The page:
When McBride retired in 2021, he was succeeded by Assistant Chief David Green as acting police chief. Green, along with two other members of the department, Adam Affrunti and Von Verbanic, on June 1, 2007 ran four African-American suspects who had engaged in an armed robbery of the Turner’s Outdoorsman store at Orange Show Lane and E Street – Tabari Barnes, Isaiah Henderson, Brandon Carroll and Michael Wade – to ground at a dead-end on Third Street in Highland after a ten-minute chase across San Bernardino during which the Acura Legend the quartet was using as a getaway car reached claimed speeds of as high as 130 miles per hour. There, Barnes and Henderson, who were both armed and trying to flee, were killed in a fusillade from Green, Affrunti and Verbanic.
The district attorney’s office ruled the shootings justified and a jury in 2012 rejected a wrongful death claim lodged against the officers by Barnes family, finding that they had used reasonable force to stop and apprehend the suspects, who had made off with more than 70 firearms during the robbery.
Those calling for social and criminal justice reform in San Bernardino maintained that the situation with the department could only be addressed by installing at its command level ethnic minorities who would change the culture of the organization and accelerate the hiring of minority officers.
Goodman, whose law enforcement career had advance mercurially almost from the onset of his tenure with the San Bernardino Sheriff’s Department that began in 1991 and which was augmented by scholastic achievement as well, was considered to be an ideal candidate to head the San Bernardino Police Department for multiple reasons.
After graduating from the San Bernardino County Sheriff’s law enforcement academy, he went to work for the sheriff’s department as a deputy, first working corrections at the Central Jail in San Bernardino before being reassigned to patrol. Thereafter, he worked in the department’s narcotics, emergency operations, regional gang enforcement, fugitive apprehension and special weapons and tactics divisions, steadily increasing in rank to detective, sergeant and lieutenant. In 2013, upon his promotion to captain, he assumed command of the Sheriff’s Regional Training Center.
In 2016, Goodman was moved to Chino Hills as head of the sheriff’s station there, making him Chino Hills police chief, as that city contracts with the sheriff’s department for law enforcement service. Goodman was credited with using his status to ensure that the department devoted itself to traditional and specific law enforcement needs and issues by convincing city officials there to transfer assignments relating to non-law enforcement related public safety matters to other municipal and county service providers such as public works, code enforcement and mental health services.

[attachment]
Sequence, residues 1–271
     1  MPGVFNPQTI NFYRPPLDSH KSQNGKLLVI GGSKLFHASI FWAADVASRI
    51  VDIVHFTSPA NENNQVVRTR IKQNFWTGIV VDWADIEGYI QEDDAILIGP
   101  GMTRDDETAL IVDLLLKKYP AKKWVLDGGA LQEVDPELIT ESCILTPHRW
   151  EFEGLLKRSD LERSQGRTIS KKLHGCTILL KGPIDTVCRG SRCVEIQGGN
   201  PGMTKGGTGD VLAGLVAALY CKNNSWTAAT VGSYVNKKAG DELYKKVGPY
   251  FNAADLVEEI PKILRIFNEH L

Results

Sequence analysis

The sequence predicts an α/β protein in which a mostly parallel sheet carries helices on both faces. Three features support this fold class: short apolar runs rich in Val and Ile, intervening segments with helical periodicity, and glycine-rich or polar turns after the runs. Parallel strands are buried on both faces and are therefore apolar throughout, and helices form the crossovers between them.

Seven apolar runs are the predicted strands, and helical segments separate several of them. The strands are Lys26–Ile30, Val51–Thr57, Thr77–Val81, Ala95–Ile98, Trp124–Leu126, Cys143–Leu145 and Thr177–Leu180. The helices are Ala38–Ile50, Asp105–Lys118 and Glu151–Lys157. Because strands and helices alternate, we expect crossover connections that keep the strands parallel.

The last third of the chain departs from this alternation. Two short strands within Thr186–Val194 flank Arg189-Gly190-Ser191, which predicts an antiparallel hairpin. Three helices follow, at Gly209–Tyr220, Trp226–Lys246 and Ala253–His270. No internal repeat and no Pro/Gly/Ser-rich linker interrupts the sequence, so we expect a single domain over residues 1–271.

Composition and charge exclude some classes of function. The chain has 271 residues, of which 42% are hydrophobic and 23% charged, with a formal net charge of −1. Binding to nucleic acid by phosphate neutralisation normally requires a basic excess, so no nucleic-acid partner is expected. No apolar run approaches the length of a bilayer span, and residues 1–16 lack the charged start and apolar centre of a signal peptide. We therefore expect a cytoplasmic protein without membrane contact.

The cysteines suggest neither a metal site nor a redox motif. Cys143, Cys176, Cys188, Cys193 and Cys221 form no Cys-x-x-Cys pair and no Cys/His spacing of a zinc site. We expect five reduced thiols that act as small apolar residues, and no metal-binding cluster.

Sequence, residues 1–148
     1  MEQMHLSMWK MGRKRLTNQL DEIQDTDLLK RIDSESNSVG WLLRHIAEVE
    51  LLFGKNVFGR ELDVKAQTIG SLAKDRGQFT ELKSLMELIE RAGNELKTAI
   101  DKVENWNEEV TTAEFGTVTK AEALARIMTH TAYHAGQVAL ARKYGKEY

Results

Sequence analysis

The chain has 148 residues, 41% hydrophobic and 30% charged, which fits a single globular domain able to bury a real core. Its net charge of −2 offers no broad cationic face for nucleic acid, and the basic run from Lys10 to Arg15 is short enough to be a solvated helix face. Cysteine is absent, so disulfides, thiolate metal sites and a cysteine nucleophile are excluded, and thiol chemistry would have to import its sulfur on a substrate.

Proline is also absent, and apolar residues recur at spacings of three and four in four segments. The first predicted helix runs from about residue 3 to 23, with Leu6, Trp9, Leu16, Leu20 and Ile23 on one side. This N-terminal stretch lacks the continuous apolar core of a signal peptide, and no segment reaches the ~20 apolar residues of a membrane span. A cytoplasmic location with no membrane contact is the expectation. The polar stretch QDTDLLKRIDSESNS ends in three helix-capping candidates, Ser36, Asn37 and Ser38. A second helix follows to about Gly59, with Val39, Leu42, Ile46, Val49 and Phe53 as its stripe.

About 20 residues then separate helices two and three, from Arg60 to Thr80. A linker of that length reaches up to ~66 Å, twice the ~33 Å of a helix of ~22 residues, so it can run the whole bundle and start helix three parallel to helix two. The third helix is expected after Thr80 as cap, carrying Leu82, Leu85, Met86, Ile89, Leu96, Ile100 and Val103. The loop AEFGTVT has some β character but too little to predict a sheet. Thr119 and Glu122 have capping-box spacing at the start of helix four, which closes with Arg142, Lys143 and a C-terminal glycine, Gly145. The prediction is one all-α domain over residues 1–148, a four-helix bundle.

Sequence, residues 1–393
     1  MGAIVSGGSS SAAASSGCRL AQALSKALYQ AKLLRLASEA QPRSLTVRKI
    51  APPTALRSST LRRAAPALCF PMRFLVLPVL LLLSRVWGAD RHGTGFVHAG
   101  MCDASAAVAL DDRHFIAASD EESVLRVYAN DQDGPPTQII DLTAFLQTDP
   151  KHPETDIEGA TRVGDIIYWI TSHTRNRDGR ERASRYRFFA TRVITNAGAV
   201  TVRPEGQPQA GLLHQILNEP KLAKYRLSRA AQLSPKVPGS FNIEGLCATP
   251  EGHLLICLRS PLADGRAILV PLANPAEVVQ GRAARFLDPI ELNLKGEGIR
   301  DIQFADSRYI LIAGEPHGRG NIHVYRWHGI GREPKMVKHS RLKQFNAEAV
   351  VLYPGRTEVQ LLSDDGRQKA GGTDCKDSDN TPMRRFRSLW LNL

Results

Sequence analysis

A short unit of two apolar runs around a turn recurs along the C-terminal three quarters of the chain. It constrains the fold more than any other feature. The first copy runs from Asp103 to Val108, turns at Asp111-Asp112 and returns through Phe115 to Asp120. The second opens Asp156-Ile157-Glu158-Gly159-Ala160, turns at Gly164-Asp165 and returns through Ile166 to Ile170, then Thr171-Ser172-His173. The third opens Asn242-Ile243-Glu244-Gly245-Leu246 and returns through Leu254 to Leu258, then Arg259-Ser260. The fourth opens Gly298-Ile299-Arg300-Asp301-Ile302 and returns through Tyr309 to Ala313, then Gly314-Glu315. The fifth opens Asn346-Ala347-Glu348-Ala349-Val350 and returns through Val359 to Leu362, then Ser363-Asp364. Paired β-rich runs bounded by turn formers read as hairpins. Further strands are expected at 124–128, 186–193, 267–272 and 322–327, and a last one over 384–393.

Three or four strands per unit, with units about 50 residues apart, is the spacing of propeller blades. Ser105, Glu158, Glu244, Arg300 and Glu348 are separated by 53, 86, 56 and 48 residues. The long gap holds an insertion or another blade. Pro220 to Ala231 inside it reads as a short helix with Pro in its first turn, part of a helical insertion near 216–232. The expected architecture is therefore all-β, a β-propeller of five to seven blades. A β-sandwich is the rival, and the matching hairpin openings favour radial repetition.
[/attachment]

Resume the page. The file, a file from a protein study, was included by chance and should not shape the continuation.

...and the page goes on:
Meanwhile, Goodman, who had already obtained a correspondent’s bachelor’s degree from Southern Illinois University, attended classes and obtained graduate status relating to coursework at the Naval Postgraduate School’s Center for Homeland Defense and Security, completed Harvard University’s Kennedy School of Government’s seminars for senior executives in state and local government, graduated from the University of Southern California’s Public Safety Leadership Program, obtained a master’s degree in public administration from the University of Southern California and then finished his doctoral studies at USC’s Rossier School of Education while serving as an adjunct-professor at California State University San Bernardino.
In 2018, he was lured away from the sheriff’s department after he was induced to apply for the position of Upland police chief and was then selected for that post. His acceptance of that assignment made him Upland’s first Black police chief.
In the summer of 2019, Riverside Police Chief Sergio Diaz signaled his pending retirement and then exited in September of that year. Goodman, who resides in Riverside, applied to fill the vacancy created by Diaz’s departure. Goodman was a serious contender for the job. Ultimately, then-Riverside City Manager Al Zelinka’s conferred the police chief’s position on Lawrence Gonzalez, based upon his familiarity with the department as a consequence of his 27 years there, including the extended stint he had served as deputy chief during Diaz’s tenure and the four months he had served as interim chief following Diaz’s departure. Nevertheless, Riverside expressed interest in hiring Goodman as assistant police chief. When reports reached Upland that Goodman was about to jump ship to Riverside, the Upland City Council took steps to secure a commitment from Goodman in the form of a contract that was intended to keep him in place in the City of Gracious Living for what the council hoped would be the foreseeable future.
Upland boosted his total annual compensation to $388,033.99, which included an annual salary of $218,467.31, add-ons of $12,623.59, benefits of $62,790.14 and a $94,152.95 contribution toward his retirement. That move initially raised Goodman’s compensation above the $372,755.03 provided to then-Upland City Manager Rosemary Hoerning.
For managerial purists, that presented a dilemma, since on a municipal governance organizational chart, a city manager oversees the police chief. In only the rarest of circumstances does someone higher up in the hierarchy of an organization make less money than those answerable to him or her.
That Goodman was one of those rarefied instances of someone making more money than his boss was an indicator of how much he was valued. Nevertheless, this elicited concern that the city’s proper line of authority had been compromised through the creation of a circumstance in which Goodman was being remunerated at a higher rate of pay than Hoerning, who was technically in a position of authority over him. Ultimately, to address that managerial anomaly, the city council in Upland provided Hoerning with $28,268.26 in annual add-ons to make her once more the top dog on Upland’s staff roster.